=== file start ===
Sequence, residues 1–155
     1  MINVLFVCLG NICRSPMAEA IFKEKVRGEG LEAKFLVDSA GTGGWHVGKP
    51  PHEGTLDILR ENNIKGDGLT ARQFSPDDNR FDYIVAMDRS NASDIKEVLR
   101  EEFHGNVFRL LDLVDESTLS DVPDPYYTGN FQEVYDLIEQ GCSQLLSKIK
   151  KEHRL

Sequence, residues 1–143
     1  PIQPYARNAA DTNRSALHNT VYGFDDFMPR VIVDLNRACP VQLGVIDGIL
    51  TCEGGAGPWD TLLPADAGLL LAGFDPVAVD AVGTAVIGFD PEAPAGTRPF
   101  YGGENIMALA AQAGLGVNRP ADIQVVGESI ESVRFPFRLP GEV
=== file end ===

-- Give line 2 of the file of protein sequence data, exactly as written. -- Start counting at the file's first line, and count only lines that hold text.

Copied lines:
     1  MINVLFVCLG NICRSPMAEA IFKEKVRGEG LEAKFLVDSA GTGGWHVGKP